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First opened in 1919, the hotel may best be known as the site of bank robber John Dillinger’s legendary capture in 1934. Since 1994, the hotel has celebrated the anniversary of this event each year. The rear of the building faces the historic (Amtrak) Southern Pacific train station, built by Southern Pacific in 1907. In addition to being a hotel, the Hotel Congress also houses a restaurant, bar and music venue. In 2003, the hotel was added to the National Register of Historic Places.

  • The exterior of the hotel
  • The original hotel prior to the 1934 fire.
  • The original hotel lobby.
  • John Dillinger poster
  • Maynards Market & Kitchen

This historic hotel has been part of many of the changes related to the development and growth of downtown Tucson. Its location was selected due to its proximity to the Southern Pacific Railroad Depot. Like many other downtown hotels, its fortunes declined and rebounded with the rise of interstate hotels and the recent interest in downtown revitalization.

With Congress Street's growth in Tucson in the early 1900s, plans were made to construct both a hotel and a theatre. The end result was the construction of the Hotel Congress and the Rialto Theatre, respectively, in 1919. The Hotel Congress held steady business over the years, but it surged after the events of January 22nd, 1934, when John Dillinger and his gang checked into the hotel to lay low. That same day, however, a fire erupted in the basement of the hotel, which quickly spread through the floors of the hotel. Dillinger and his group escaped the fire, which ended up destroying the third floor which they were staying on, and they were captured soon after.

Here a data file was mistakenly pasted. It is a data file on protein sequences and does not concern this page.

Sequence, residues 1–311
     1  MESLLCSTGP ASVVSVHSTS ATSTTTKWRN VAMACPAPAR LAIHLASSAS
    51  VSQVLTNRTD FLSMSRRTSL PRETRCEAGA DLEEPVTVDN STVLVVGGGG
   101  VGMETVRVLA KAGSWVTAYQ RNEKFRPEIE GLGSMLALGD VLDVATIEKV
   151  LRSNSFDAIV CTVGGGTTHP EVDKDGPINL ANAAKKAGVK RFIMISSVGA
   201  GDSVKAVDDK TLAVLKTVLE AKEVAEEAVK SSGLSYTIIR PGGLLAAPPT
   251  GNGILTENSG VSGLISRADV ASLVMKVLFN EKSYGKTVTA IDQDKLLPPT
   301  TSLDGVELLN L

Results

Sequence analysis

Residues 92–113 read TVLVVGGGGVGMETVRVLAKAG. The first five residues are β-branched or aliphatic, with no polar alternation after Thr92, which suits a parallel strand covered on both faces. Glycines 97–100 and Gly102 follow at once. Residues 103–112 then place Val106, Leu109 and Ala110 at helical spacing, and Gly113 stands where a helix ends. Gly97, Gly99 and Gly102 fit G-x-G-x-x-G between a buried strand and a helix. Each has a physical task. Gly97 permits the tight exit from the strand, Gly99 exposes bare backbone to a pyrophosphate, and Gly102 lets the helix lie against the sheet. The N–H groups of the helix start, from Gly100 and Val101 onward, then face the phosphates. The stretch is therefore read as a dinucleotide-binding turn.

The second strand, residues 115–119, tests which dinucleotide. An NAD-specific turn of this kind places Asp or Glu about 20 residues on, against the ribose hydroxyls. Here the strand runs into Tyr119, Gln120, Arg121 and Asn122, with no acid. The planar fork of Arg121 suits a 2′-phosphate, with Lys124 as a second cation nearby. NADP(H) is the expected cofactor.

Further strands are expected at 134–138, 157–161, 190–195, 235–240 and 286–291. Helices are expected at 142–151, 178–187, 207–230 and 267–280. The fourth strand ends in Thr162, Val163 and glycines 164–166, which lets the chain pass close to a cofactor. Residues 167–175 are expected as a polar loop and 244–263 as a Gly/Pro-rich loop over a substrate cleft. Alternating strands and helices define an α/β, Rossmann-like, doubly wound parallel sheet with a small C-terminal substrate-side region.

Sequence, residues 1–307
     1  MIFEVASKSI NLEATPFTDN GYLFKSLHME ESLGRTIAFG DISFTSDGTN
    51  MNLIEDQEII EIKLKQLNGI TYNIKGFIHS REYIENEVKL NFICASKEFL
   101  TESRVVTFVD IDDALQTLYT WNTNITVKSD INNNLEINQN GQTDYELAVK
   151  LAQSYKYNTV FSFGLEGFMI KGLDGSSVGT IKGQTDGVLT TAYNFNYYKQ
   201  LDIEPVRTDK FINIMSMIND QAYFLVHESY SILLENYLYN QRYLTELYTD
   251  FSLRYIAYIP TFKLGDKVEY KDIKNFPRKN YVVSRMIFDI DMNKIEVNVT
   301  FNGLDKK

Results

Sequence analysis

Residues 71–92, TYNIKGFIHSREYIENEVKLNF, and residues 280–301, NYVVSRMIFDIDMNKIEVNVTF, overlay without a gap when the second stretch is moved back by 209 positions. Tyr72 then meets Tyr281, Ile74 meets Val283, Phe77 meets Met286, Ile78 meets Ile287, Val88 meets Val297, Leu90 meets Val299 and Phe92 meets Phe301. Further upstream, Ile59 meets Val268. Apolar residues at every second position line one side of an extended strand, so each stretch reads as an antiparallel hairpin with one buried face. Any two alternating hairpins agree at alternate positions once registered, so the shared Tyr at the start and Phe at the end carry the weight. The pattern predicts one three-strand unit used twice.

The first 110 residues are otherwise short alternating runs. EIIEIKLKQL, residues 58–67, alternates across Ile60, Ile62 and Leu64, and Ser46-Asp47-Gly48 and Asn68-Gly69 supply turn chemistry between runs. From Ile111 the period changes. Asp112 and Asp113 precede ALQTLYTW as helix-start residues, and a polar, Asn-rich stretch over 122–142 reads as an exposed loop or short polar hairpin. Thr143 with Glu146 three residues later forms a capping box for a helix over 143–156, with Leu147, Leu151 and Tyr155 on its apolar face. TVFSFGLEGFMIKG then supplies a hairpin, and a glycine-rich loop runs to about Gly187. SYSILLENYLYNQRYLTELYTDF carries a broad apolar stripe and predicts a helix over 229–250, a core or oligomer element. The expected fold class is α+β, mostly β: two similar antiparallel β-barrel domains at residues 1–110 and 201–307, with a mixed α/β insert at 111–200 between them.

The fire was mostly contained aside from the destruction of the third floor, and it was quickly put under a restoration effort to restore it to its former glory. The Hotel Congress remained a popular location after that day, cementing its place in history, and it saw numerous improvements over the years, such as the addition of a music venue, Club Congress, in 1985. In addition to holding one of the most renowned bars and music venues in the United States, the Hotel Congress holds yearly events every third weekend in January called Dillinger Days, which celebrate the capture of John Dillinger with reenactments, music, lectures, and more (see link below in "Additional Information").

Maynards Market + Kitchen, sister business to Hotel Congress, is located across the street on Toole Avenue in the historic train depot. Both the kitchen and the market are fueled by a passion for celebrating the best of place, product and service.

Maynards Market boasts locally sourced products, gourmet grab and go, and downtown Tucson’s only wine shop. With a large community table, outdoor seating on the spacious plaza, and free WiFi, Maynards Market is the perfect place to explore or relax with a latte, pastry, and your favorite read.

1. "Hotel Congress," Official Website, accessed November 10, 2016.
2. "Transportation and Directions," Official website, accessed November 10, 2016.
3. "Events Calendar," Official website, accessed November 10, 2016.
4. "Room Reservations," Official website, accessed November 10, 2016.
5. "Online Store," Official website, accessed November 10, 2016.
6. "Maynards Market & Kitchen," Hotel Congress website, accessed November 10, 2016.
7. "History of Hotel Congress," Historic Photos and Timeline, official website, accessed November 8, 2016.
8. "National Register of Historic Places- Registration Form," National Park Service website, Hotel Congress, 22 pages, accessed November 10, 2016.
9. "Facebook Page," Hotel Congress, accessed November 10, 2016.
10. "Wikipedia Entry," Hotel Congress, accessed November 10, 2016.
11. "Dillinger Days event," Hotel Congress website, accessed November 10, 2016.
12. "YouTube video," " Hotel Congress," from Arizona Highways TV, 2012, 3:38 mins.), accessed November 10, 2016.